view/options window [flags: [resize dropable]]
view/options window [no-wait: on]
view/options window [offset: 100x100]
view/options window [offset: 'center]
view/options window [as-is: true] ; GOB is the window object

Some of these also have refinements as shortcuts:

view/modal window
view/no-wait window

Implied Wait

When the view function is called it does not return immediately. Instead, it waits and allows windows to process their events. That is, your code becomes event-driven at that point. This happens only once, when the first window is opened. Of course, if you call view more than once without closing, subsequent calls will not wait. The view function will return only when all windows have been closed.

If you want view to return immediately, you can use:

view/no-wait win

Then, when you are ready, call the do-events function to start the event-driven mode of your code.

Example:

view/no-wait win
...other stuff...
do-events

Moving Windows

This example shows how to dynamically relocate a window by changing its GOB offset and calling show again (in this case, show-later, see note below.)

view [
    title "Click to move window"
    button "Move to 100x100" do [
        win: window-face? face
        win/gob/offset: 100x100
        show-later win
    ]
]

Notes:

  1. The do reactor block uses its face (the button) with the window-face? function to find the top-level window face.
  2. The GOB of the window has its offset changed to 100x100.
  3. The show-later function will show the change when the GUI exits event handling (after processing the do reactor shown above.)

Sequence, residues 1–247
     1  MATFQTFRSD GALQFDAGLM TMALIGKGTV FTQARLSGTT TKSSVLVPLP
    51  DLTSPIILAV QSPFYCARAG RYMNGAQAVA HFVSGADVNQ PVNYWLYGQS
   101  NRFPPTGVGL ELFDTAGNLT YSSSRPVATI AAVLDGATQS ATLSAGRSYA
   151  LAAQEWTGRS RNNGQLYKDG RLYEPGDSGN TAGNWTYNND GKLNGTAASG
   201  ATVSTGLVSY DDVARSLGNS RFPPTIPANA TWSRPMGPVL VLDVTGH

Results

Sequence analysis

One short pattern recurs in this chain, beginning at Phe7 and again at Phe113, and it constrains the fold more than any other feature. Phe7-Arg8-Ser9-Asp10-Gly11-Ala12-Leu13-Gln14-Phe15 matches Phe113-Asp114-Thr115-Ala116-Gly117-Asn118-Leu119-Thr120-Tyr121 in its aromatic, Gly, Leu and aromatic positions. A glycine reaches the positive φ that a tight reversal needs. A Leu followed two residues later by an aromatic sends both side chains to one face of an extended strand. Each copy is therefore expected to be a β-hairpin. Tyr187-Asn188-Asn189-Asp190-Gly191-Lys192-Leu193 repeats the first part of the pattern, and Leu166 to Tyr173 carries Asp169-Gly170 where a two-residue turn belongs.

This example moves a window other than the one that contains the move button.

wgob: view/no-wait [
    title "This is the window"
    button "Quit" quit
]

view/options [
    title "Move other window"
    button "Move to 100x100" do [
        wgob/offset: 100x100
        show-later wgob
    ]
][offset: 200x200]

do-events

Notes:

  1. The first window uses /no-wait in order proceed (not wait) and allow the second window to appear.
  2. The first view returns a gob, which we call wgob.
  3. The second window is positioned at 200x200 to avoid it appearing on top of the first window.
  4. The second window sets the wgob offset.
  5. The show-later function will show the change when the GUI exits event handling (after processing the do reactor shown above.)
  6. do-events is called to process the window events for both windows.

Window Metrics

Metrics about the graphics system are stored in:

system/view/metrics

They include the primary metrics supported on most OS implementations. We do not provide all possible window metrics, because they may not be available in all systems, and code would become non-portable.

Here is an example of current metrics:

? system/view/metrics
SYSTEM/VIEW/METRICS is an object of value:
   screen-size     pair!     1152x864
   border-size     pair!     4x4
   border-fixed    pair!     3x3
   title-size      pair!     0x26
   work-origin     pair!     0x0
   work-size       pair!     1060x864

The work-origin and work-size provide the usable work-area of the screen (without task bar).

Event Handlers

When you call view, normally the system event handlers will be provided; however, you can specify your own event handler if needed.

Here is an example custom event handler:

view/options window [
    handler: [
        name: 'my-handler
        priority: 100
        handler: func [event] [
            if event/type = 'down [quit]
        ]
    ]
]

See the R3 View - Event Handling section for more about event handlers.